Vitamin A is also nicknamed the “eye vitamin”. This name is very truthful because it really helps to maintain vision. However, does much more. For example, the skin and immune system also rely on the help of vitamin A. Continue reading to find out what this vitamin can do for you and your family.
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What is vitamin A and beta-carotene?
Like many other vitamins, vitamin A is an important part of a balanced diet and healthy lifestyle. Like vitamins E, D and K, this is a fat-soluble vitamin. This means that a small amount of fat is always needed for your body to absorb it properly. Food like liver, that have vitamin A and fat, have no problem. However, carrots should be eaten with a little oil, like in a raw vegetable salad. This way, your body can best absorb the vitamin A.
From a chemical perspective, vitamin A is not a single vitamin but a whole group of substance called retinoids. Retinol in particular is known by many people. Less so is “retinal”, “retinoic acids” and “retinyl palmitate”. Each of these belongs to vitamin A and has individual properties.
In addition to vitamin A, there are also precursors your body can convert into vitamin A. These are called provitamins. One of the best-known precursors is beta-carotene. It belongs to the carotenoid group and is just as valuable to your body as the other forms of vitamin A. In nature, beta carotene is found exclusively in plants.
Contrary to assumptions, vitamin A is more than just an eye vitamin, also contributing to:
- normal immune system function
- preservation of normal mucous membranes and skin
- normal iron metabolism
- cell specialisation functions
How much vitamin A does your body need? The Germany Society for Nutrition (DGE) recommends 0.8 mg of retinol per day for women and 1 mg for men to cover their daily vitamin A requirement. For children, the requirement is slightly lower – between 0.5 and 1 mg depending on age and gender. Youths between 13 and 18, pregnant women and breastfeeding women have slightly higher vitamin A requirements.
|Age||Retinol activity equivalent µg/day - Men||Retinol activity equivalent µg/day – Women|
|Children between 1 and 4 years||300 µg||300 µg|
|Children between 4 and 7 years||350 µg||350 µg|
|Children between 7 and 10 years||450 µg||450 µg|
|Children between 10 and 13 years||600 µg||600 µg|
|Youths between 13 and 15 years||800 µg||700 µg|
|Youths between 15 and 19 years||950 µg||800 µg|
|Adults between 19 and 65 years||850 µg||700 µg|
|65 years and above||800 µg||700 µg|
|Pregnant women from 4 months||800 µg|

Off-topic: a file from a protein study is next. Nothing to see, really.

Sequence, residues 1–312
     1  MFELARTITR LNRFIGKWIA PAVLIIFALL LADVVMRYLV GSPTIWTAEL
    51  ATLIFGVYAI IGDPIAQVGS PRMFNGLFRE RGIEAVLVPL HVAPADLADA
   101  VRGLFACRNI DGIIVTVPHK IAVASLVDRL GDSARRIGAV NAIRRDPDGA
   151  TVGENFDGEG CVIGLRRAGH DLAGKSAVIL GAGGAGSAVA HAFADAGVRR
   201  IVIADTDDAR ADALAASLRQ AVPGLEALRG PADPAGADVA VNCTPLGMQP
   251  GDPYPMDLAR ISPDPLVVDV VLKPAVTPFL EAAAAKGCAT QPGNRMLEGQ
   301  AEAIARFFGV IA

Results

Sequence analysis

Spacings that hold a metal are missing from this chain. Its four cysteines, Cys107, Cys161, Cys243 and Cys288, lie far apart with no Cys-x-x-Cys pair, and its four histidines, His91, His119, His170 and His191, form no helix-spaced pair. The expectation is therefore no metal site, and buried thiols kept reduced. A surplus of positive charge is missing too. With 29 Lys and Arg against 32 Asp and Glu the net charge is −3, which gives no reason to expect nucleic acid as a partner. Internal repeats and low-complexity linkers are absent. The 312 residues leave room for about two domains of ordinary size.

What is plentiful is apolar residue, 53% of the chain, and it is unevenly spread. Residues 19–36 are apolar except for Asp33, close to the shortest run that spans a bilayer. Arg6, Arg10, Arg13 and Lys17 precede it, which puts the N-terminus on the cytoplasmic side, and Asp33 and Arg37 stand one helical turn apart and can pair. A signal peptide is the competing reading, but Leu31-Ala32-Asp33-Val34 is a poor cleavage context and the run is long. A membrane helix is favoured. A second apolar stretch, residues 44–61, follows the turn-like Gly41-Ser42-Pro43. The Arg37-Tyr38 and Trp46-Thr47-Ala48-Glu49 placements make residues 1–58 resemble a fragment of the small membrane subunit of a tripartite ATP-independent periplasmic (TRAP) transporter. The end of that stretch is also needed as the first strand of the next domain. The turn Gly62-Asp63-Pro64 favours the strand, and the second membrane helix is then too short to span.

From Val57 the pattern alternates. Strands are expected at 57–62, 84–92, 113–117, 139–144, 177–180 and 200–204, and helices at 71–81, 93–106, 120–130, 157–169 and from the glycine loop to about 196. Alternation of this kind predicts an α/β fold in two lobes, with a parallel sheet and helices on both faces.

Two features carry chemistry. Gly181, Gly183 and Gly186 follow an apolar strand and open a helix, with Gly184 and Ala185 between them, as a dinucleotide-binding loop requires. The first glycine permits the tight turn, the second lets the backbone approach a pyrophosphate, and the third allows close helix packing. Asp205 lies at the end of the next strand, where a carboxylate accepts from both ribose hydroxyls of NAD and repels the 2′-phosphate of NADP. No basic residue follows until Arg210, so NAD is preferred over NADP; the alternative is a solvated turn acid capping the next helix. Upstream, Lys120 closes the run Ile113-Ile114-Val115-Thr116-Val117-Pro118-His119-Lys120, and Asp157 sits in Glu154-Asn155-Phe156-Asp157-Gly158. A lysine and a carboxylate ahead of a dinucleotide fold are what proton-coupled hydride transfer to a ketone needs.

|Breastfeeding women||1300 µg|
Beta-carotene requirements are much higher. After all, the body still needs to convert it into vitamin A. Six milligrams of beta-carotene are needed to make one milligram of retinol.
In principle, you can easier cover your daily requirement with a healthy diet because vitamin A and the provitamin beta-carotene are found in many types of fruit and vegetables. A small piece of liver, a carrot or a portion of spinach usually covers your daily requirements. However, you should be careful not to cook food for too long, otherwise the vitamin content will be reduced. The same happens if food is exposed to light for too long because the vitamin decomposes. As best practice, store food in a dark place.
Because of good food supplies in Germany, vitamin A deficiency is rare. A deficiency usually occurs because of an eating disorder or a serious underlying disease, like liver damage or digestive disorders. If you want to prevent vitamin A deficiency, integrate vitamin A rich foods into your diet and give yourself a vitamin boost occasionally.
Vitamins and provitamins are components in many foods. Vitamin A is mainly found in liver and liver-containing animal products. Milk and eggs also contain vitamin A, but not as much. Beta-carotene is found in many yellow and orange fruits and vegetables, as well as dark leafy greens.
The following foods have among the highest vitamin A content. Vitamin A content is stated as “retinol equivalent”, meaning retinol, regardless of which vitamin A forms or carotenoids are contained.
|Food||Vitamin A per 100 g|
|Pork liver||36 mg|
|Beef liver||18 mg|
|Coarse sausage liver||8.3 mg|
|Sweet potato||1.3 mg|
Average values according to Souci, Fachmann, Kraut: Food Composition and Nutrition Tables (7th ed.). Munich: C.H. Beck. 2008
By the way, beta-carotene is now found in many foods that would not otherwise naturally have it because it is added to many products as a natural colouring agent. Look for “E-numbers” for the additives “E 160” or “E 160 a”.
More about vitamins & nutrients
Vitamin D is the vitamin the body produces when from sunlight when going for a walk or outside on the balcony. It is involved in many processes in the body and is indispensable for young children – in fact, it is not really a vitamin.Find out more